It’s probably been a good few years since Morocco was redolent of Casablanca, but its romance certainly hasn’t gone anywhere. Instead of the iconic coastal city, the images that spring to mind are of Marrakech and its spice-coloured souks, its unique architecture and its ancient mystery.
As the gateway between Europe and Africa, Morocco boasts a diverse and vibrant culture that pulls Brits for long holidays, city breaks and even day-trips from Southern Spain. Regardless of which one of these you’ve booked yourself into, make sure you’ve got good travel insurance.
Healthcare for Brits in Morocco
Anyone travelling to Morocco needs to have good medical travel insurance prior to departure. It’s important to pay a visit to your healthcare practitioner two months before your departure in order to make sure you have all of the necessary vaccinations, including any that might be particular to you.
If you have any pre-existing medical conditions, it’s vital that this is discussed in your application for travel insurance.
There are public hospitals in Morocco, however healthcare is not of comparable quality to the UK. There are also a growing number of private facilities and consultants, however it is difficult to determine whether your needs will be catered for if you have an existing medical problem and suffer a related medical emergency. If this concerns you, it is important that you discuss this with your medical practitioner before booking your trip.
Much of the country is inhospitable terrain – from mountains to desert – and, as such, medical facilities outside of cities and towns can be scarce. It is important to know where your nearest medical centre is if you know that you’ll be spending any amount of time away from urban areas.
The number for emergency services in Morocco is 150.
Travel risks in Morocco
The type of travel risks associated with Morocco are common to many countries, particularly those with populous and poorer-than-average cosmopolitan areas. Be vigilant against street crime such as pickpocketing, back-snatching, theft from mopeds, counterfeit or sub-standard merchandise sale, distraction techniques and assault.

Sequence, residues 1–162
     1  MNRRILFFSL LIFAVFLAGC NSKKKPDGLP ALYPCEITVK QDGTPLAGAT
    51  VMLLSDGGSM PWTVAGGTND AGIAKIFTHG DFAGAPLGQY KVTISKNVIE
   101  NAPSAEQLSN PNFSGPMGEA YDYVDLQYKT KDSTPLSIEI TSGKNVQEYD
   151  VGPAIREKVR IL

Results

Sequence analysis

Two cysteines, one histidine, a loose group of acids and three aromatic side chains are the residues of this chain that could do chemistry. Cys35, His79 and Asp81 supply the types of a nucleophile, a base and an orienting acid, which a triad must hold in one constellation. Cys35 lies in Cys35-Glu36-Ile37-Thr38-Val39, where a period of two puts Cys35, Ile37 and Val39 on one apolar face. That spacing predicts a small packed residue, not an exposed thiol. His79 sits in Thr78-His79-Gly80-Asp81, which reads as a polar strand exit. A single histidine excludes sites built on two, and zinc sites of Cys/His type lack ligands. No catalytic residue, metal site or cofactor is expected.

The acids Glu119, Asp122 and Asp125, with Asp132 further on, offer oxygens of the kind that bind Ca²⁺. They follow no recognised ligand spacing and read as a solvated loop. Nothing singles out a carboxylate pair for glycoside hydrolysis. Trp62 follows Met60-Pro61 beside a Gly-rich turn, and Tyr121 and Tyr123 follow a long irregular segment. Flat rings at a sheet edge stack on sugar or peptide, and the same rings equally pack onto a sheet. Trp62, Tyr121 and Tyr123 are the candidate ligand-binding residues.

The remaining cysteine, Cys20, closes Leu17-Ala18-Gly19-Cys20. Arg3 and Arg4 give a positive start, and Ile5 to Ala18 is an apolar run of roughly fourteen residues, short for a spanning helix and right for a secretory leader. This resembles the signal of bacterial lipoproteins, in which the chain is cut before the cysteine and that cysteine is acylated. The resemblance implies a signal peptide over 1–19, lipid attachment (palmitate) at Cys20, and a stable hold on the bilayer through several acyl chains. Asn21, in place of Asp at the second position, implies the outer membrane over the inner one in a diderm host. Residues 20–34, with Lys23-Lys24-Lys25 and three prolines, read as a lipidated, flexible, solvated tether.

There are a few simple rules to follow to help guard against scams and street crime. If you’re visiting one of Morocco’s many glorious beaches, take steps to protect your valuables.
It’s unwise to carry important documents such as your passport, valuables and excessive cash on you in Morocco. If you have to, try to wear a money belt underneath your clothes that make life difficult for would-be pickpockets.
Terrorist groups are known to operate in Morocco, and it is possible that attacks may target tourist areas. This has led to an increased presence of security personnel in busy places as well as those with a greater population of tourists.
If you are the victim of a crime, you will need to report this to the police and your travel insurer immediately. If you later wish to make a claim on your travel insurance against lost or stolen items, you will need a police report.
Morocco has a colourful history comprising Berber, Arab, French, Spanish and broader European influence. Its culture marries the values of its different legacies in a way that makes it truly unique and a thrilling place to visit.
As a Muslim country, there are different social restrictions to those that we are used to in the UK. Respect local laws and customs around propriety and behaviour, such as not engaging in public displays of affection and dressing respectfully, particularly during religious holidays and near holy sites.